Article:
Renewable Energy in New Zealand: The Reluctance for Resilience

Chapter
Part of the Lecture Notes in Energy book series (LNEN, volume 23)

Abstract

This chapter explores renewable energy governance in the context of New Zealand’s “energy culture”. New Zealand enjoys an international reputation as being a clean and green country. Yet surface appearances can be deceptive. Image frequently trumps reality. The green label is largely an exercise in branding (the country is the latest recipient of the “Fossil Award”), although energy is one of the areas where this might not hold. New Zealand’s energy supply mix is impressive, the majority of it being drawn from renewable sources. However, global warming will severely impact upon our ability to generate adequate amounts of electrical power in a sustainable manner, and our centralised corporate-dominated supply system is poorly placed to deal with the challenges that lie ahead. These issues are compounded by various political problems such as ownership of resources and access to the grid. Numerous questions arise: can water be commodified or is it held in common? Does it properly belong to the indigenous people of this country? Why is there no feed-in tariff and why are smart meters not being installed? To explore the topic of renewable energy governance we examine various components of the national energy culture, energy policies and resources. We then look at the likely impacts of climate change, the current state of the deregulated electricity supply industry and why the “business as usual” model is set to prevail. This is illustrated by reference to two case studies—of the potential for distributed generation to contribute towards future electricity demands in Auckland and the proposed district energy system in Christchurch—in both cases we identify a worrying reluctance for resilience.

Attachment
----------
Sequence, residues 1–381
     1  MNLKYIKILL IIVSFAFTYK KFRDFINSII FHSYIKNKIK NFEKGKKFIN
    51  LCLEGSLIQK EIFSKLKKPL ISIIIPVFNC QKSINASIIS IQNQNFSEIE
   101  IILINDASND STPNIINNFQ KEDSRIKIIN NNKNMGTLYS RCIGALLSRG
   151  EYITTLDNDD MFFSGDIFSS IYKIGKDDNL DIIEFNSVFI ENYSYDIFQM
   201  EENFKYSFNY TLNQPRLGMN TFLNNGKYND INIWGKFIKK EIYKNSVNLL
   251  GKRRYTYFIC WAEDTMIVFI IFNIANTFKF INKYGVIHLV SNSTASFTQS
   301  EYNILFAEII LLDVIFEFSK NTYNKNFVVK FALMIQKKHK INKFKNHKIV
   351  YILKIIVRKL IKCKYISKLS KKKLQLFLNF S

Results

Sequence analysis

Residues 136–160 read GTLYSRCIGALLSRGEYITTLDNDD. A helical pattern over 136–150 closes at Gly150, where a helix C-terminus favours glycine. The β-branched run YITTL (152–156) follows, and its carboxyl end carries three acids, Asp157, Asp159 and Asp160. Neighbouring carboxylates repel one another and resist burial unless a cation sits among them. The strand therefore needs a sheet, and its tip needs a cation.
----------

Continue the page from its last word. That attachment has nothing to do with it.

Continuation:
Keywords

Burning Europe Transportation Marketing Liquefaction 

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Copyright information

© Springer-Verlag London 2013

Authors and Affiliations

  1. 1.Faculty of Art Architecture and DesignUniversity of LincolnLincolnUK
  2. 2.Faculty of ArtsUniversity of AucklandGraftonNew Zealand

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